If Messerschmidt is found guilty, and particularly if he is jailed, it will quite likely mark the end of his political career. 

It also risks damaging the Danish People’s Party’s standing in the run-up to local elections on November 16th. 

What happened on Monday? 

In court on Monday, Messerschmidt pleaded not guilty, saying that he had been so busy with his political career that he had not had time to check the applications for grants that his staff sent to Meld, and had therefore not realised that the agenda sent to Meld did not end of matching the actual conference which took place.

Brussels he said was a “paper circus”, with huge numbers of documents required to be signed off on. 

“I have never signed so many papers as I did there,” he said. “About every other month I got a folder submitted. It can be thank you letters, minutes, and everything else that needs to be signed.”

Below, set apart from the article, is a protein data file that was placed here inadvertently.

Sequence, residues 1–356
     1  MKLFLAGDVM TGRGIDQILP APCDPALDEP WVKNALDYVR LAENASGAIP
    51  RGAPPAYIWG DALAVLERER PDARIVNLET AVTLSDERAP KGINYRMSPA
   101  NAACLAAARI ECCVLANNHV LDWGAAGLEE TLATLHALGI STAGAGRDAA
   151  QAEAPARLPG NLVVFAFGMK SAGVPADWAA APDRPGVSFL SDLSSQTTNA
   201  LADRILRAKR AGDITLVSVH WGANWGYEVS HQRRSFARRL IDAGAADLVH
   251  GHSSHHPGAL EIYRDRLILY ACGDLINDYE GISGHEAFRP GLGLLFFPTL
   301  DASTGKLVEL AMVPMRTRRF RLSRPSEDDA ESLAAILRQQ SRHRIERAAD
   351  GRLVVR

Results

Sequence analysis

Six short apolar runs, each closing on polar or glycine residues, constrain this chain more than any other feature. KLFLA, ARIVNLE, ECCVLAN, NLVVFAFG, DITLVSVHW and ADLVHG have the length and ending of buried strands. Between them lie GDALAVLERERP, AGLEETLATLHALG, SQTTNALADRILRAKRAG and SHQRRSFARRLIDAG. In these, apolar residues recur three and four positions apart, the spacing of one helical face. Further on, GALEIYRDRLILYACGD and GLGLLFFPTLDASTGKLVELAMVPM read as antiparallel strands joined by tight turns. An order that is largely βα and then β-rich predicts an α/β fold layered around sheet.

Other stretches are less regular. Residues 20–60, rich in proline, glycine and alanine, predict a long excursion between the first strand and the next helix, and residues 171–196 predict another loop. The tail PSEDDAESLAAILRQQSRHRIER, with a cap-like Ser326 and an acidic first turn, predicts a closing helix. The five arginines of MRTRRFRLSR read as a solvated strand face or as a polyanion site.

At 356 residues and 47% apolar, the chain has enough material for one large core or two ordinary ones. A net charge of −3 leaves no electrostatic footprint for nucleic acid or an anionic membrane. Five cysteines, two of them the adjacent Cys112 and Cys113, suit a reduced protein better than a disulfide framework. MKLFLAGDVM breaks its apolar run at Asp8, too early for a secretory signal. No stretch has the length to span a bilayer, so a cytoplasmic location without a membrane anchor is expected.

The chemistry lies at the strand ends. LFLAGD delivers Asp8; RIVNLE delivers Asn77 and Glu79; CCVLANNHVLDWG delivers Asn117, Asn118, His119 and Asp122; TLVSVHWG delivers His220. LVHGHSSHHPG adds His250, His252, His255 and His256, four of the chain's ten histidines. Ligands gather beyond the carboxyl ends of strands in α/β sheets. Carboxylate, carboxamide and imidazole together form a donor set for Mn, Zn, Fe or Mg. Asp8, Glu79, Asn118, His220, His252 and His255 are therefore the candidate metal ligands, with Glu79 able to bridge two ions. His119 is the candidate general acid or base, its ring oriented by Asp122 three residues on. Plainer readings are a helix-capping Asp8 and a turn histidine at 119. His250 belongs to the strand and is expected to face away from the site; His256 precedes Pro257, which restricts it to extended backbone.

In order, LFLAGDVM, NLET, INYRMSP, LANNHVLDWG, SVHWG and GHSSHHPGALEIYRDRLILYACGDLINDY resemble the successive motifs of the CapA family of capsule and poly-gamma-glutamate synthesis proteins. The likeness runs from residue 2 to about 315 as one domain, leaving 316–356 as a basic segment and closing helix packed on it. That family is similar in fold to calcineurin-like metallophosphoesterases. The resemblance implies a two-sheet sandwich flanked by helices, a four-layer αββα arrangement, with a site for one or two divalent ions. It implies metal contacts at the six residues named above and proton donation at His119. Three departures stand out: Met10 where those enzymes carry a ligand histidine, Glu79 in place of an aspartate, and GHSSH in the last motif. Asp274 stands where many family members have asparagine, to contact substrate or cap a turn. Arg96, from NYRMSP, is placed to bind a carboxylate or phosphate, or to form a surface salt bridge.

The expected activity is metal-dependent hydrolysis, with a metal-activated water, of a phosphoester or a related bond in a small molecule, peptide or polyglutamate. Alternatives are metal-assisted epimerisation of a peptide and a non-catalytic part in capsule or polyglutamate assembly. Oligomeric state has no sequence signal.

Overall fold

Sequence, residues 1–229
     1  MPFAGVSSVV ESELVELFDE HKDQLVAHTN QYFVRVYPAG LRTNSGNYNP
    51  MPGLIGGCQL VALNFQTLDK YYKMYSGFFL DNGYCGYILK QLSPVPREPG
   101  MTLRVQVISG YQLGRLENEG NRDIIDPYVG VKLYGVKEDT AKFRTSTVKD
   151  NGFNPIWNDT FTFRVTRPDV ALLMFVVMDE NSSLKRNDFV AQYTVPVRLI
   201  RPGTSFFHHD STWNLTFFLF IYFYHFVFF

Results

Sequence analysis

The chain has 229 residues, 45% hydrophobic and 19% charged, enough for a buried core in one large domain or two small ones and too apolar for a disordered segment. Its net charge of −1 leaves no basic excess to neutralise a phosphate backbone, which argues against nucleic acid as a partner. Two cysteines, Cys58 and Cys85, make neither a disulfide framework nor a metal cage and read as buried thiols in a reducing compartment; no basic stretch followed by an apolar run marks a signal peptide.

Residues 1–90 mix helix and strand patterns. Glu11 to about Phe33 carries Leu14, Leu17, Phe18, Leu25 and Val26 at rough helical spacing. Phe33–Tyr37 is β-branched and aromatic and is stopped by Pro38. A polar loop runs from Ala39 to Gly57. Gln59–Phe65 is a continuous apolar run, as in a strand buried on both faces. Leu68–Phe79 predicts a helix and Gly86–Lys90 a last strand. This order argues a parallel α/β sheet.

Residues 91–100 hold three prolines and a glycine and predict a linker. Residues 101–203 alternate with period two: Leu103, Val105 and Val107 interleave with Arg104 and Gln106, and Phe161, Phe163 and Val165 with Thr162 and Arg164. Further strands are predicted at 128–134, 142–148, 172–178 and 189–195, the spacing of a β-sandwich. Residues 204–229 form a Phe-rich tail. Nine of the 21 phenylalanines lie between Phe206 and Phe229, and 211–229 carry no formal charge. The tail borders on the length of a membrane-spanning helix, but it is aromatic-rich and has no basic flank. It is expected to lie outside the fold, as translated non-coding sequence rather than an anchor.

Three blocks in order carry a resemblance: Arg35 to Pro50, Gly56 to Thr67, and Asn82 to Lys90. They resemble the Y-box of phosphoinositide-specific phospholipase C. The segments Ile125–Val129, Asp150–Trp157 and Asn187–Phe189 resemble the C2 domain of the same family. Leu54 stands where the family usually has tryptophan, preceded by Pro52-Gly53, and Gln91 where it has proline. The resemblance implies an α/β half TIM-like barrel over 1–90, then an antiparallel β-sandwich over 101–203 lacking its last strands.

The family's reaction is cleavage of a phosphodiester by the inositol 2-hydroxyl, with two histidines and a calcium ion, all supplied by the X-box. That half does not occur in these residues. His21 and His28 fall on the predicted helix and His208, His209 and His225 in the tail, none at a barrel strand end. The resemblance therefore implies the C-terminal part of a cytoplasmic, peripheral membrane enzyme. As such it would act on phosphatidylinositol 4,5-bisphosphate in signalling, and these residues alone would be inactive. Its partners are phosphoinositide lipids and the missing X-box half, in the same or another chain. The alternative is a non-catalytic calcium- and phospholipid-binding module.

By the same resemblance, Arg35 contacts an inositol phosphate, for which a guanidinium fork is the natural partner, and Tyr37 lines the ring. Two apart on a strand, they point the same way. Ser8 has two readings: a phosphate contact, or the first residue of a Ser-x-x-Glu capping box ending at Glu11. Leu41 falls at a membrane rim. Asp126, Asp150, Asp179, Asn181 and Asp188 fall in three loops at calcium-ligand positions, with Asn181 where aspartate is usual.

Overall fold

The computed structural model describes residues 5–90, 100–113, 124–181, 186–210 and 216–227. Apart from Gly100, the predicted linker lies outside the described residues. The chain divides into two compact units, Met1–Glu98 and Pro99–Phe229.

How did the supposed fraud come to light? 

Messerschmidt’s MEP colleague Rikke Karlsson left the party in 2015, citing misuse of the Meld and Feld funds.  The European Anti-Fraud Office (Olaf) then began investigating the issue, in 2019 passing the investigation over to Denmark’s State Prosecutor for Serious Economic and International Crime (Søik). The prosecutor finally charged Messerschmidt in April.

Why has it taken so long to get to court? 

Partly because of the length of time it took both Olaf and Søik to carry out their investigations.  

How long will the court case last? 

The case will be in court for seven days, with the court’s judgement and also possibly Messerschmidt’s sentence handed down on August 13th. 

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How likely is Denmark to have a general election ahead of schedule?

Analysts in Denmark say Prime Minister Mette Frederiksen could announce a general election as early as next week, despite flagging poll numbers.